Hot Comb offers a poignant glimpse into black women’s lives and coming of age stories as seen across a crowded, ammonia-scented hair salon while ladies gossip and bond over the burn.


Incognegro : A Graphic Mystery by Mat Johnson and Warren Pleece

In the early 20th Century, lynchings were commonplace in the American South. A few courageous African American reporters risked their lives to expose these atrocities. Due to their light skin color, they could “pass” among whites. In this tale reporter Zane Pinchback goes undercover as a white man to investigate the arrest of his brother and save him from a lynch mob.


Josephine Baker by José-Louis Bocquet

Only 19 when she moved to Paris in 1925, this American dancer/singer/actress created a sensation, captivating audiences and rising to fame as the first black star on the world stage. After World War II and her time in the French Resistance, Baker devoted herself to the struggle against racial segregation.


Kindred : A Graphic Novel Adaptation adapted by Damien Duffy and John Jennings

Octavia E. Butler’s most celebrated, critically acclaimed work tells the story of Dana, a young black woman who is suddenly and inexplicably transported from her home in 1970s California to the pre-Civil War South, a classic now adapted in illustrative form..


Malcolm X : A Graphic Biography by Andrew Helfer and Randy DuBurke

Best known for his staunch and controversial black racial advocacy during the Civil Rights Movement of the 1960s, and for his time spent as a vocal spokesman for the Nation of Islam, this American Muslim minister was brutally assassinated for his pursuit of racial justice.


March : Book One by John Lewis and Others

This is a vivid first-hand account of John Lewis’ lifelong struggle for civil and human rights, meditating in the modern age on the distance traveled since the days of Jim Crow and segregation. Followed by the sequels Book Two and Book Three.


Martin Luther King Jr. by Rachel Ruiz

This biography of the great civil rights leader in graphic novel form traces his life from his boyhood in Atlanta and his education through his role in the struggle for civil rights and his murder to his lasting influence today.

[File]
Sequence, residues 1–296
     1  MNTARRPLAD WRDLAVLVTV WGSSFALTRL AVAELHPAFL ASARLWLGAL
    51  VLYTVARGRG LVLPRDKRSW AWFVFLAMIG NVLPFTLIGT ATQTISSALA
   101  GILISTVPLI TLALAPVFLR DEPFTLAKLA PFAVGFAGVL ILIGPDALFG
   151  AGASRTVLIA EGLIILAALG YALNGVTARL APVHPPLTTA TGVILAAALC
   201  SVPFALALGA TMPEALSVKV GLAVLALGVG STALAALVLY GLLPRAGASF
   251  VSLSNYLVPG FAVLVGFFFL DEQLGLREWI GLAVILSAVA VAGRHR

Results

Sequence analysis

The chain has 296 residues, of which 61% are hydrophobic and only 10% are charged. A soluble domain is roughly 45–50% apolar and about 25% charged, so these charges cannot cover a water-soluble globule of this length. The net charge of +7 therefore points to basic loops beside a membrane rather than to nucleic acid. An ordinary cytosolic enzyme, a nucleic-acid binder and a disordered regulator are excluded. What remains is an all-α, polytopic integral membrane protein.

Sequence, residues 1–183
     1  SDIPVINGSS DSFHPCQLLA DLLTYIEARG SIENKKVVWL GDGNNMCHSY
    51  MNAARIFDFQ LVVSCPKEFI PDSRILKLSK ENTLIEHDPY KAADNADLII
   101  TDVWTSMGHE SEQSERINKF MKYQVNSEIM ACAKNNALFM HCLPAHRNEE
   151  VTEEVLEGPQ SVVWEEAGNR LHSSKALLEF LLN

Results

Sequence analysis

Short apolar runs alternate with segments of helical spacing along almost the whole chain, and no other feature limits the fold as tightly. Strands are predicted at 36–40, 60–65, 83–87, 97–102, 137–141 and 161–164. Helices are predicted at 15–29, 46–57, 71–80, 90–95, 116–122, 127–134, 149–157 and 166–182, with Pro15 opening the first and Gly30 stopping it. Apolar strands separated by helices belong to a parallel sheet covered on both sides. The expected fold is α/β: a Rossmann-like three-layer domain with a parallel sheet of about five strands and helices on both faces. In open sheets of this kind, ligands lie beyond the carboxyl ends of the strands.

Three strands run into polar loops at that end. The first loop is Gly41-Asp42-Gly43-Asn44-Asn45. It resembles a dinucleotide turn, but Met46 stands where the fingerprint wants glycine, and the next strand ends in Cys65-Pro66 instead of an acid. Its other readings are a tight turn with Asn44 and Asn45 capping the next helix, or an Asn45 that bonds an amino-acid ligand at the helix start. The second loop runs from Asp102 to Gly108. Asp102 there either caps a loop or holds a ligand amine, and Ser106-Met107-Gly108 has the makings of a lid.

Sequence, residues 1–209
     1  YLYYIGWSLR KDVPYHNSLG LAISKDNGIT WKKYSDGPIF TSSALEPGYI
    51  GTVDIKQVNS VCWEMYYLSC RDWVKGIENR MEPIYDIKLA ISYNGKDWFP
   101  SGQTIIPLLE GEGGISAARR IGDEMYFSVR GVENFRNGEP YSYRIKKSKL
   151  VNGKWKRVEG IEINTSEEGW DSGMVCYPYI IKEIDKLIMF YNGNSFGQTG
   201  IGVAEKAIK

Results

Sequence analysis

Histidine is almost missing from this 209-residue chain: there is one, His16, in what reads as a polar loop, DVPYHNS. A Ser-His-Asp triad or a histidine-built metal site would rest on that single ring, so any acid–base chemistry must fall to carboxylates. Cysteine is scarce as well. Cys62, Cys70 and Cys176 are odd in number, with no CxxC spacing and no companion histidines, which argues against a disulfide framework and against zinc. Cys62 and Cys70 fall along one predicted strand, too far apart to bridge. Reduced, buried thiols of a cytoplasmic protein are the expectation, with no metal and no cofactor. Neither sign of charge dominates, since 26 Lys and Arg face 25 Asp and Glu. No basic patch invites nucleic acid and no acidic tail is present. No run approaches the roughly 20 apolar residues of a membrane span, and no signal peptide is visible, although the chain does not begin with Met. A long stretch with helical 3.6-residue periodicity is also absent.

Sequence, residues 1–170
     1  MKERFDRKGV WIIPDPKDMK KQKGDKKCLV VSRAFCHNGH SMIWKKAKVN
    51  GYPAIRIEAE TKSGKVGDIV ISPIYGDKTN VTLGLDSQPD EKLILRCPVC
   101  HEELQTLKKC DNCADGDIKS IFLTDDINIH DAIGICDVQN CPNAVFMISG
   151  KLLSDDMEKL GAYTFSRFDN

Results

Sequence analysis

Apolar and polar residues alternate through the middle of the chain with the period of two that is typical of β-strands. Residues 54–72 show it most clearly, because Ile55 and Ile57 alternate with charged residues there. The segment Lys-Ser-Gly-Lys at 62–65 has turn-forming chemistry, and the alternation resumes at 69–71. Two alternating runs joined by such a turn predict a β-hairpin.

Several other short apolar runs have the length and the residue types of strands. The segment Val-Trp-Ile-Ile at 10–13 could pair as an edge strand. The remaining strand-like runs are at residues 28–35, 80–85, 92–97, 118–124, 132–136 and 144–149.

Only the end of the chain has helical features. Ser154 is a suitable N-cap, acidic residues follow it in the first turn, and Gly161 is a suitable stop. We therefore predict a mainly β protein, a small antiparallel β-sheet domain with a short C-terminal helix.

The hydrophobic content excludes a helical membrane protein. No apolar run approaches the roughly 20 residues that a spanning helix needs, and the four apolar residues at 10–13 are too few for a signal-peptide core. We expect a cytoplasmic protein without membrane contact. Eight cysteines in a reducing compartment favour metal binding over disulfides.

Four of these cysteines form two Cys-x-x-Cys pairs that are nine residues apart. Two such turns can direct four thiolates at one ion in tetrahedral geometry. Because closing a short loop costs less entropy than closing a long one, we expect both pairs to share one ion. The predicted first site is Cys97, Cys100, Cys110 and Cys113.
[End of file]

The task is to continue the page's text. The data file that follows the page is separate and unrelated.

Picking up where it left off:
Miles Morales, Spider-Man by Brian Michael Bendis and Others

When Peter Parker falls, the world needs a Spider-Man – and young Miles Morales takes up the mantle! His web swinging adventures fill many volumes as he’s thrust into danger with only gut instinct, his best friend Ganke, and a thing called responsibility as his guides.


Rosa Parks and the Montgomery Bus Boycott by Connie Colwell Miller (Juvenile)

Congress called her “the first lady of civil rights” and “the mother of the freedom movement”. It all began on 12/1/1955, when Parks refused to relinquish her seat to a white passenger. Her courage inspired the black community to boycott the Montgomery buses for over a year, the first major direct act of the modern civil rights movement. She became an international icon and prominent activist.


The Silence of Our Friends by Mark Long and Others

A white family from a notoriously racist neighborhood and a black family from its poorest ward cross Houston’s color line, overcoming humiliation, degradation, and violence to win the freedom of five black college students unjustly charged with the murder of a policeman.


Strange Fruit : Uncelebrated Lives from Black History by Joel Christian Gill and Others

This anthology of graphic work tells nine stories of lesser-known African Americans using historical and cultural commentary.


When The River Rises by D.C. Walker and Bruno Oliveira

Inspired by true events, this thrilling chase features a juvenile delinquent and his estranged father struggling to escape Orleans Parish Prison as Hurricane Katrina hits New Orleans.


Your Black Friend and Other Strangers by Ben Passmore

Passmore masterfully tackles comics about race, gentrification, the prison system, online dating, gross punks, bad street art, kung fu movie references, beating up God, and lots of other grown-up stuff with refreshing doses of humor and lived relatability.

Looking for more reading suggestions? JMRL encourages you to use What Do I Read Next? to receive personal recommendations from JMRL librarians.